A previously unknown Beethoven arrangement for an ancient hymn has been uncovered after 192 years.
The composer wrote a harmony for the Gregorian chant Pange Lingua and modified its tune, said the University of Manchester's Professor Barry Cooper.
The passage was written in a sketchbook but had previously been regarded as an exercise or a sketch for another piece.
Prof Cooper recognised the hymn's tune and identified the two-minute piece as a previously unknown Beethoven work.
The leading expert on the composer said it was a rare example of the composer writing religious music.
"I was very surprised when I found this - I didn't think he'd written anything like this," he said.
The sketchbook, which is held at the Berlin State Library, dates from around 1820. It was transcribed and published in 2010.
Prof Cooper said Beethoven scholars had not identified the piece earlier because "it just looked like a series of notes".
"When I looked at it, I thought, hey, that's not just a series of notes, that's a hymn tune with Beethoven's harmony.
"It seems that people who are experts in plainsong don't look at Beethoven sketches very much and people who are experts in Beethoven sketches don't look at plainsong very much. But I happened to know both."
Beethoven made slight changes to the tune of Pange Lingua, a 1,000-year-old Gregorian chant, Prof Cooper said.
It may have been played at the ceremony where Beethoven's patron Archduke Rudolph of Austria was made Archbishop of Olmutz in March 1820, when the composer was 49, he added.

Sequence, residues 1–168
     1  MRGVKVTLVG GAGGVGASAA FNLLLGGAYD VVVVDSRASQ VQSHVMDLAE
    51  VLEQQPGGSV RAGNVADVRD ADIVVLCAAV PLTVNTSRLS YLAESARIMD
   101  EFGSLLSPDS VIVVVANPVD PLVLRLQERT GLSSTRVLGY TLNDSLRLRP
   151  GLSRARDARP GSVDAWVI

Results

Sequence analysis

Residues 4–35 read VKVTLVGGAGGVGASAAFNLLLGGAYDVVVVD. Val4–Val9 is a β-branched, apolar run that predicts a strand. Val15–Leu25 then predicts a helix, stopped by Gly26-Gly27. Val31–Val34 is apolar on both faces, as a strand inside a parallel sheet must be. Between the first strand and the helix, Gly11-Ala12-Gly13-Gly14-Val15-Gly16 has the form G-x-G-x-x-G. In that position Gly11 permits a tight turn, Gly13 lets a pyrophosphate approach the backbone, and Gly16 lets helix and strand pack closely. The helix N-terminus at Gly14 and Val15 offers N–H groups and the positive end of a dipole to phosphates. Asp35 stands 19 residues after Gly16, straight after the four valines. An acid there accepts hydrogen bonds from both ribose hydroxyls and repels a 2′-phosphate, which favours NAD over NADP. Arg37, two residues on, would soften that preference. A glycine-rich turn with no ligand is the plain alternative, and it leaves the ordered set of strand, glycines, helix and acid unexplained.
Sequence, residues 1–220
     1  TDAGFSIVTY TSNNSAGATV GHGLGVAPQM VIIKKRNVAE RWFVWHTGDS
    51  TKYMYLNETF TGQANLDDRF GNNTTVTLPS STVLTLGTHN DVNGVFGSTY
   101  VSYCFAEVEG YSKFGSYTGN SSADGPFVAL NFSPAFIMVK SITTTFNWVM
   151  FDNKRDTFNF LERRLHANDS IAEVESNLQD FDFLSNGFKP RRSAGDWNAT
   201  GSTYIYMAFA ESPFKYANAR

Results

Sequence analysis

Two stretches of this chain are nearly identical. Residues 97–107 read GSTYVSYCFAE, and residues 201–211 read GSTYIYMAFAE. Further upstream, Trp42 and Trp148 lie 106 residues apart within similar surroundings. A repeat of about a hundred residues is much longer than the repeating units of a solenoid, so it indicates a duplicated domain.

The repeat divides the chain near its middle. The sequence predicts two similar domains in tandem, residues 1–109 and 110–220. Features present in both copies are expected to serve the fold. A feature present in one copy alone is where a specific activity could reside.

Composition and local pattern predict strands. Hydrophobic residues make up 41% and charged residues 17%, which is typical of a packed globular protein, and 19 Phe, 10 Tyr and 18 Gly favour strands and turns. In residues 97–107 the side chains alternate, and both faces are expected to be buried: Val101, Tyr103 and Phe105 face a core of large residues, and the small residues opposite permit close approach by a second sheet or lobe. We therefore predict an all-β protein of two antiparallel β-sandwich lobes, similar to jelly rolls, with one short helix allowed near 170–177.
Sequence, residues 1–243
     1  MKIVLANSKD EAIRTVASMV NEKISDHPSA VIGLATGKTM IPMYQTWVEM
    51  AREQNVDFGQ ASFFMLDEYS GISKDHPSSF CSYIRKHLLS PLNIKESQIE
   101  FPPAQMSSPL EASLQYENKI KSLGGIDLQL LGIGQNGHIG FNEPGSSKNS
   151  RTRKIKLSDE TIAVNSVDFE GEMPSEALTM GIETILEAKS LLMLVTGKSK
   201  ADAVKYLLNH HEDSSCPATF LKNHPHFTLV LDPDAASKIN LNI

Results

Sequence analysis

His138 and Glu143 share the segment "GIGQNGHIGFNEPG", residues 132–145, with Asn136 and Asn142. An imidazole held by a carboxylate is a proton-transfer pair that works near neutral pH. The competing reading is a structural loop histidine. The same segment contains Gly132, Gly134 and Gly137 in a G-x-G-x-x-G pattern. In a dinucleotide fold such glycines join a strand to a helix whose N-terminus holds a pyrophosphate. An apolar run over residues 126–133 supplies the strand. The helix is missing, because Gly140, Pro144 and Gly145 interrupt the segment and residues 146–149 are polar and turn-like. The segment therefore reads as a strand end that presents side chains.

Experts in Berlin had assumed the piece was a sketch for his celebrated mass Missa Solemnis, which was written around the same time.
"He never composed any functional music at all - the only liturgical music he wrote was for the two great masses," Prof Cooper said. "So to find him writing simple functional music for an ordinary church service is extraordinary."
Professor William Drabkin from the University of Southampton, who published the sketches, described it as a "very rudimentary piece".
"When I did the sketch transcriptions, I thought it was some sort of exercise in counterpoint," he said. "I couldn't place it."
He added: "It's certainly a piece that we've not come across. It adds a small contribution to our knowledge of what Beethoven was doing in the 1820s."
The hymn will be performed at the University of Manchester at 14:30 BST on Thursday.
The performance comes 14 years after Prof Cooper stirred controversy in the classical music world by creating a 10th Symphony based on unfinished Beethoven sketches.